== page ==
The Cold Spot is only about three billion light-years away from Earth, a relatively short distance in the cosmic scheme of things.
Scientists now believe trillions of universes may exist – the multiverse theory CREDIT: RICHARDDAWKINS.NET
The whole universe is covered in cosmic microwave background (CMB), a relic of the Big Bang which can be detected by telescopes on Earth. But while the temperature of most of the CMB is 2.73 degrees above absolute zero (or -270.43 degrees Celsius), the Cold Spot is about 0.00015 degrees colder than its surroundings.
Until the new research was published, most scientists thought the colder temperature in the space might be caused by a literal trick of the light.
They speculated that the colder area was actually a ‘supervoid’ which had 10,000 fewer galaxies and was so barren that it sucked energy out of light travelling through it, shifting its wavelength it to the red end of the spectrum, which telescopes mistook for coldness.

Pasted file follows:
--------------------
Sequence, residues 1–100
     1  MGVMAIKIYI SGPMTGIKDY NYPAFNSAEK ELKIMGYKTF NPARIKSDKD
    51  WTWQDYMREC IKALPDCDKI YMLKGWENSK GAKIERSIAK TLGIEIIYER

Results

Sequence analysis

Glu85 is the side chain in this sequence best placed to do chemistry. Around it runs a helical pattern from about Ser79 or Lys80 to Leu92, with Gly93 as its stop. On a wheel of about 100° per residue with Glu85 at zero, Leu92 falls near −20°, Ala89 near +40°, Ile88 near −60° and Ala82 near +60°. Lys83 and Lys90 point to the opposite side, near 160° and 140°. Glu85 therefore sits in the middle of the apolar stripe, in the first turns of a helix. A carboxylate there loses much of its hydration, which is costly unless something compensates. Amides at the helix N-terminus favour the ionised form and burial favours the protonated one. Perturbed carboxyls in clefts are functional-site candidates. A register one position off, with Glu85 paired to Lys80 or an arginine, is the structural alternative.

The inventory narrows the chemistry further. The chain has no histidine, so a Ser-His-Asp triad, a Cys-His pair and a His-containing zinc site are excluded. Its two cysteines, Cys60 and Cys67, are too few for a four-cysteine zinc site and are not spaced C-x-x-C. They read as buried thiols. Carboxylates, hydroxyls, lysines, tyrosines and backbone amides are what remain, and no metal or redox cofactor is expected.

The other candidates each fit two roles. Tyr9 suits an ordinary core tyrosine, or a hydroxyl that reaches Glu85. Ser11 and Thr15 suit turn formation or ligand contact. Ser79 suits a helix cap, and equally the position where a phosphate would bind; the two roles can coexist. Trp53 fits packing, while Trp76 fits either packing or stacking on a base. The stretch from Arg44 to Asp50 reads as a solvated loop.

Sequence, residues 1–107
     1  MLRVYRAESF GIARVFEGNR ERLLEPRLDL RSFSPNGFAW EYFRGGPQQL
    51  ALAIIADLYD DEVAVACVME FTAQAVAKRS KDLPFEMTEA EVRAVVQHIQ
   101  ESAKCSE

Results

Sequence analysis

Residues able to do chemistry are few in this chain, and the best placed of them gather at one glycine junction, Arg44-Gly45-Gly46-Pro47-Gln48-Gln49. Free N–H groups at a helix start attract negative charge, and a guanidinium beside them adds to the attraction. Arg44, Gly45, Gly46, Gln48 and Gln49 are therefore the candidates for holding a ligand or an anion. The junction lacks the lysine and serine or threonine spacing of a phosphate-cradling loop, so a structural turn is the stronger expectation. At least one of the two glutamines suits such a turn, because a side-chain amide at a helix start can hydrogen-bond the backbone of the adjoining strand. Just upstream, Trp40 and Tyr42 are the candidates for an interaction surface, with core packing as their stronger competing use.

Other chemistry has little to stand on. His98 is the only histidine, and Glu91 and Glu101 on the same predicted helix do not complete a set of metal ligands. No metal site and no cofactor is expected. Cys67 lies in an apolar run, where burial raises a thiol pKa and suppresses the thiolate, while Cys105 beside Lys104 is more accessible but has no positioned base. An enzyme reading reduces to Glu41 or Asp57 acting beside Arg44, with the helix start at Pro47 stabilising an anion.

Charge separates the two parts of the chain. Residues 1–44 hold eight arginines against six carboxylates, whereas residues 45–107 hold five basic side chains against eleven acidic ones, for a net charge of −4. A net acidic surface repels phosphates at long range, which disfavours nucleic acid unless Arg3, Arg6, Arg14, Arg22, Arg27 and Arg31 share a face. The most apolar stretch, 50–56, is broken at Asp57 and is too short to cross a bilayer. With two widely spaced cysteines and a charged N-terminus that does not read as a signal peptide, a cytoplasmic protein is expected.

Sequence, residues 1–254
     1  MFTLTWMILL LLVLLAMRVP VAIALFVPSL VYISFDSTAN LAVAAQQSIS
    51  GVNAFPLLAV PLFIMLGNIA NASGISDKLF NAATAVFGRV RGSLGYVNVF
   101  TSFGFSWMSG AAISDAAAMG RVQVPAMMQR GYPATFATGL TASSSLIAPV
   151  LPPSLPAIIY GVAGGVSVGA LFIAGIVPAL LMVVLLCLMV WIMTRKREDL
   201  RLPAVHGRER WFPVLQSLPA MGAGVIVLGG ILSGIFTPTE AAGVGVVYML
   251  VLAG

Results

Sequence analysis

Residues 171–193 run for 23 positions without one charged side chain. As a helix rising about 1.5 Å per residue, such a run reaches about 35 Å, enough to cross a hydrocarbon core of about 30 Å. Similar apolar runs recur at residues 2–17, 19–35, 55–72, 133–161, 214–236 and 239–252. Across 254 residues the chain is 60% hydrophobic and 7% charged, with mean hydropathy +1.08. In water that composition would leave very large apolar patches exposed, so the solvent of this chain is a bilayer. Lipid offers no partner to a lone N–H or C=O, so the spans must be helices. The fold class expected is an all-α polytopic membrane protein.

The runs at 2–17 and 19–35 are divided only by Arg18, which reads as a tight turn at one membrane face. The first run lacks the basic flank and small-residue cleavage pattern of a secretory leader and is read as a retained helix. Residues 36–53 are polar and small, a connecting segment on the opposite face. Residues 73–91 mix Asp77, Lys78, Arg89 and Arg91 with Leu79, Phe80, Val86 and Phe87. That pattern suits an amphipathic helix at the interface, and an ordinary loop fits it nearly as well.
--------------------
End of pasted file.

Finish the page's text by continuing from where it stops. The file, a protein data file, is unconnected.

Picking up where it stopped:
The 3-D galaxy distribution in the foreground of the Cold Spot (black points) compared to the galaxy distribution in an area with no background Cold Spot (red points). The number and size of low galaxy density regions in both areas are similar, making it hard to explain the existence of the Cold Spot by the presence of voids. CREDIT: DURHAM UNIVERSITY
But the Durham team found that the area actually is made up of clusters of smaller voids, all of which are too little to shift light enough for that explanation to work.
Doctoral student Ruari Mackenzie of Durham University added: “The voids we have detected cannot explain the Cold Spot.”
Prof Shanks said there had to be another explanation. “Perhaps the most exciting explanation is that the Cold Spot was caused by collision between our universe and another bubble universe, believe it or not.
“I remember some scientists suggesting that there could be detectable effects on the galaxy distribution after this ‘cosmic shunt’ of two universes colliding.
“Basically colliding universes could leave a slightly anisotropic galaxy distribution in our own universe – a bit like a pile-up on the motorway. So we can look for this to test how seriously to take these ideas.”
The results were published in Monthly Notices of the Royal Astronomical Society.